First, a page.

Sack them, ban them, fine them

Biden asks Congress to get tough on bank execs

Sack them, ban them, fine them

US President Joe Biden has urged Congress to make it easier for regulators to hold executives at failed banks accountable. The move comes in the wake of the collapse of Silicon Valley Bank, a California-based lender, last week.

Biden said he was "firmly committed to accountability for those responsible for this mess" and called for measures such as recouping gains from share sales and banning disgraced bosses from working in the industry.

In a statement released on Friday, the President emphasized the need to strengthen accountability and ensure that no one is above the law. He stated that this is an important deterrent to prevent mismanagement in the future.

Biden's call for action comes amid concerns over the lack of accountability for executives in the banking sector, particularly in cases where their actions have led to the collapse of financial institutions. Previously there has been criticism over the lack of action taken by US authorities against bankers who have been involved in financial failures.

“No one is above the law – and strengthening accountability is an important deterrent to prevent mismanagement in the future,” Biden said in a statement. “When banks fail due to mismanagement and excessive risk taking, it should be easier for regulators to claw back compensation from executives, to impose civil penalties, and to ban executives from working in the banking industry again.”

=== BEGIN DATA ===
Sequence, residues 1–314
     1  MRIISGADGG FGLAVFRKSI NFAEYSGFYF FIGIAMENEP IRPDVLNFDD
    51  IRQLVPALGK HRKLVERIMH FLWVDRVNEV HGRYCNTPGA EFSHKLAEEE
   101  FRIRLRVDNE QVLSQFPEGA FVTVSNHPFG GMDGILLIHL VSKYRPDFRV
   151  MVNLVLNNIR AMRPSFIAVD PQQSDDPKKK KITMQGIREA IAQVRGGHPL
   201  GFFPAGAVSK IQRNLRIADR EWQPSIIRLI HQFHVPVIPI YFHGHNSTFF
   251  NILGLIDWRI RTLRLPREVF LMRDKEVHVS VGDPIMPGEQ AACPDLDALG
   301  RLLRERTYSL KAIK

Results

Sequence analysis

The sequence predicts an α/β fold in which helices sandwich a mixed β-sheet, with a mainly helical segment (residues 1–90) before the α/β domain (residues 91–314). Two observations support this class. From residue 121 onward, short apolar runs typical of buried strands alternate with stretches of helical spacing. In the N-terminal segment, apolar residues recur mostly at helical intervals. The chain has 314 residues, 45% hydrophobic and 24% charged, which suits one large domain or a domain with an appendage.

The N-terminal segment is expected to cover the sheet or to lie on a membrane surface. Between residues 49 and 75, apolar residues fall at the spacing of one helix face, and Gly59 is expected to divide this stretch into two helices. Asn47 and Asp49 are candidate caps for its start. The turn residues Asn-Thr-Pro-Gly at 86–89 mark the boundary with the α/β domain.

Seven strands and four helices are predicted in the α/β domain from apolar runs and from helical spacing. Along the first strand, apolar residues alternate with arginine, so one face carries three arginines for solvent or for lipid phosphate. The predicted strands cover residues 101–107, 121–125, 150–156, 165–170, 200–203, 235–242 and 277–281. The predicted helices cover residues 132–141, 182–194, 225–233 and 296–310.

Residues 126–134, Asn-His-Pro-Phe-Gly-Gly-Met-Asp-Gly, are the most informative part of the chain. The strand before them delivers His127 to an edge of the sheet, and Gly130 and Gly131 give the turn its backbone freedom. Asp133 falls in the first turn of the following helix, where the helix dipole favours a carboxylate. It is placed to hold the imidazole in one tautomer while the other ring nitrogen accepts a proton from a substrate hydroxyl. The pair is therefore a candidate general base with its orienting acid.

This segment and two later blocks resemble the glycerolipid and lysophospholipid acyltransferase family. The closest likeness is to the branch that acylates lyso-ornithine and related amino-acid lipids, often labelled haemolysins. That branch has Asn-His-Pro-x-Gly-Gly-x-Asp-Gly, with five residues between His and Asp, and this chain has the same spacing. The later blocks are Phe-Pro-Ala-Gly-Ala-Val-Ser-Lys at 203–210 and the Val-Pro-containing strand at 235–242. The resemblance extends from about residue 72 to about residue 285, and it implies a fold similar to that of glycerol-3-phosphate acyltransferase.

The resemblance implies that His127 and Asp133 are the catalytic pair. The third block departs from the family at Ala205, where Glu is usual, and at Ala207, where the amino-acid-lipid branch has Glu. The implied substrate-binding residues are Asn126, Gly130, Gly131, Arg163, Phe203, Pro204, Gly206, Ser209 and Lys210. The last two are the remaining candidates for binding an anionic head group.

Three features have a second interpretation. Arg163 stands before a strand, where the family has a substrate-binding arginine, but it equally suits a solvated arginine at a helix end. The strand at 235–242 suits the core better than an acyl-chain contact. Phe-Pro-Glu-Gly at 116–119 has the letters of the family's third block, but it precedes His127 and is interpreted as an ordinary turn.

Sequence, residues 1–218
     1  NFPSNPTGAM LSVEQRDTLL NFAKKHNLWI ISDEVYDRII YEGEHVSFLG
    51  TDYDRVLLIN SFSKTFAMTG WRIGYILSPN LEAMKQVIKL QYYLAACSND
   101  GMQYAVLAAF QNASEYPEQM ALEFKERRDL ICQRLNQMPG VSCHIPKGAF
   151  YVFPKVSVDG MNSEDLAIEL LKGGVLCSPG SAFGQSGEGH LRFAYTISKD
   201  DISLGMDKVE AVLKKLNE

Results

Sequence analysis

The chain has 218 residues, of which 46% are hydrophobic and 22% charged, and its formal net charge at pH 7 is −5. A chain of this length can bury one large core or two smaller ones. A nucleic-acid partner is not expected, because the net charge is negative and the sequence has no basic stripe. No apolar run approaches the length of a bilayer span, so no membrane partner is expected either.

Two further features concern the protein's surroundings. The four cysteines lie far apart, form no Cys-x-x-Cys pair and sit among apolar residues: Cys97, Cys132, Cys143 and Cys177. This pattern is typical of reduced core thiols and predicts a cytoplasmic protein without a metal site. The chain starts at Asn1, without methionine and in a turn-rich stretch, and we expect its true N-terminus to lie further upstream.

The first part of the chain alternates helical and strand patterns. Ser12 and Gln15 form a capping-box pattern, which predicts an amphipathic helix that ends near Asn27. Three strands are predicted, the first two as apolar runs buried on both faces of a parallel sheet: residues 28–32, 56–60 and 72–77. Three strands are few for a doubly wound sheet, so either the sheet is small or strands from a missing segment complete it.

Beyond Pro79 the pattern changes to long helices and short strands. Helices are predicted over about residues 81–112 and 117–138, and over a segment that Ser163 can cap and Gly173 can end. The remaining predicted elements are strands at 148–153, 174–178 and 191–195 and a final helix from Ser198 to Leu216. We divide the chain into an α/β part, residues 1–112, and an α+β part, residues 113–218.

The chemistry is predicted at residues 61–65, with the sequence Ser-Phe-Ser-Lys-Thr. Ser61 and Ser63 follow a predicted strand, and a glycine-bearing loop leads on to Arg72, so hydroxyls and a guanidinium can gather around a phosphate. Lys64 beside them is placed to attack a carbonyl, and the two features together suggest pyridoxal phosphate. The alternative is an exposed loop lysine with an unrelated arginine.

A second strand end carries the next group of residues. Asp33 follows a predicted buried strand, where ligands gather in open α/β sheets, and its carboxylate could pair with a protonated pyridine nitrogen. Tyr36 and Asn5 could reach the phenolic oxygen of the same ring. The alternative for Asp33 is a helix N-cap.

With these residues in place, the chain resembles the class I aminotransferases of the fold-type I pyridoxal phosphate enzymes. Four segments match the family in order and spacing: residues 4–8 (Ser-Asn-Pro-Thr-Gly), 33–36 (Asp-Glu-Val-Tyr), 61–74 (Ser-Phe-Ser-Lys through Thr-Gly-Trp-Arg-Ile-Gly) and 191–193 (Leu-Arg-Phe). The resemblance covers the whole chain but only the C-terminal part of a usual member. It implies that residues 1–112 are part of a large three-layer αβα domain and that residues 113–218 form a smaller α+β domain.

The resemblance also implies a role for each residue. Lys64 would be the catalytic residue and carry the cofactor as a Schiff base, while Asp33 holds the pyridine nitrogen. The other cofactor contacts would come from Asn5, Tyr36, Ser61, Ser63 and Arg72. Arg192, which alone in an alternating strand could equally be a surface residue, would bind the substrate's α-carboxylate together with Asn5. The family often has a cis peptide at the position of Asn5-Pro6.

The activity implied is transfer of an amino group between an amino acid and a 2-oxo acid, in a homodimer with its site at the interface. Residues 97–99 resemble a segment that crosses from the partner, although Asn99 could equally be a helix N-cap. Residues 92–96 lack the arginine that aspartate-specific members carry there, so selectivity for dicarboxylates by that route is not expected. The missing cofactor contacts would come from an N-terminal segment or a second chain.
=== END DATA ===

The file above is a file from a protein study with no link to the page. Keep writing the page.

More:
The White House has called on Congress to give the Federal Deposit Insurance Corporation (FDIC), expanded powers to recover compensation from executives at failed regional banks like Silicon Valley Bank (SVB) and Signature Bank, a New York-based lender that recently collapsed. Currently, the FDIC is only authorized to recover earnings from executives at larger banks. SVB's former CEO, Greg Becker, sold $3.6 million worth of the bank's stock just two weeks before its collapse.

The White House also seeks to increase the FDIC's power to ban bosses of failed banks from holding jobs at other lenders. At present, the FDIC can only prevent disgraced executives from holding similar positions if they engage in "wilful or continuing disregard for the safety and soundness" of their bank. The White House has proposed that Congress "lower the legal standard" to apply to all banks that fall into receivership.

In a memo, the White House stated that "the president believes that if you’re responsible for the failure of one bank, you shouldn’t be able to just turn around and lead another." These measures come amidst concerns over the lack of accountability for executives in the banking sector, particularly in cases where their actions have resulted in the collapse of financial institutions. It remains to be seen whether Congress will adopt the proposals put forward by the White House.

Even as reverberations from the Silicon Valley Bank collapse can still be felt, a bill has been introduced in the Senate that aims to claw back two forms of compensation from top executives at failed banks: bonuses and profits from stock sales.

Democratic Senator Richard Blumenthal from Connecticut introduced the bill, S. 800, on Tuesday, proposing to amend IRS rules to impose a higher tax rate on bonuses and stock options' profits for executives at banks taken over by the Federal Deposit Insurance Corporation (FDIC).

The bill gained a notable co-sponsor, Senator Kyrsten Sinema, an Independent from Arizona, by Friday morning. As a swing vote within the Democratic caucus, Sinema's support is deemed essential in getting any bill passed in the Senate, especially if Republicans oppose it.

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